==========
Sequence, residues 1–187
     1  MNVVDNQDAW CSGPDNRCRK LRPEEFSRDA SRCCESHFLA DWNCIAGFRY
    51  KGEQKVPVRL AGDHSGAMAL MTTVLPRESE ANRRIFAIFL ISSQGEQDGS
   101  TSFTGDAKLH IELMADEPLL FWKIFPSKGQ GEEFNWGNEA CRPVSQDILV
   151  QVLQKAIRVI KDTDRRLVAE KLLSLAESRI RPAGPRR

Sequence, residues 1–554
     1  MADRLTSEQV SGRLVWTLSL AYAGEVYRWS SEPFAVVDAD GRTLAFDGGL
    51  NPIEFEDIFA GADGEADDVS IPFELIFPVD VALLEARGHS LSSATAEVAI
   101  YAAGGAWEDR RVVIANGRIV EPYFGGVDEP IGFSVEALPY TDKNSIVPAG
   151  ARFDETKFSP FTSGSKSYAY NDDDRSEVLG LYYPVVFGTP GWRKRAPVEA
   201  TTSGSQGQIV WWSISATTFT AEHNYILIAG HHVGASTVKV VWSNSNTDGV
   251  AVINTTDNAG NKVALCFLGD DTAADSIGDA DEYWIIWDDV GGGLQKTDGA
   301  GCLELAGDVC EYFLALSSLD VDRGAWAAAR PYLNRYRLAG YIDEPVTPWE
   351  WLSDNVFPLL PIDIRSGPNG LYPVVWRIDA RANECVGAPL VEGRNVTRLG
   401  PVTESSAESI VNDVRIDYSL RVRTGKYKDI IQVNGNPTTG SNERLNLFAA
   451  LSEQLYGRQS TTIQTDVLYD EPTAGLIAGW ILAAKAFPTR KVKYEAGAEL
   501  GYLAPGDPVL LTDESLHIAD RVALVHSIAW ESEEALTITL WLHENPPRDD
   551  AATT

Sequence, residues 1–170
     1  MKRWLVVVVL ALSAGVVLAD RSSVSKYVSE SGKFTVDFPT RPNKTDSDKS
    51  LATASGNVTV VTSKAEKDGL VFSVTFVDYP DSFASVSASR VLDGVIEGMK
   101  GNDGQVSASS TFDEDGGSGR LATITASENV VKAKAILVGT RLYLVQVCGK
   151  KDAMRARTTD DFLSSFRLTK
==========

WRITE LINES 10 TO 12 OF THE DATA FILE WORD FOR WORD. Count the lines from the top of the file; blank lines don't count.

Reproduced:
   151  ARFDETKFSP FTSGSKSYAY NDDDRSEVLG LYYPVVFGTP GWRKRAPVEA
   201  TTSGSQGQIV WWSISATTFT AEHNYILIAG HHVGASTVKV VWSNSNTDGV
   251  AVINTTDNAG NKVALCFLGD DTAADSIGDA DEYWIIWDDV GGGLQKTDGA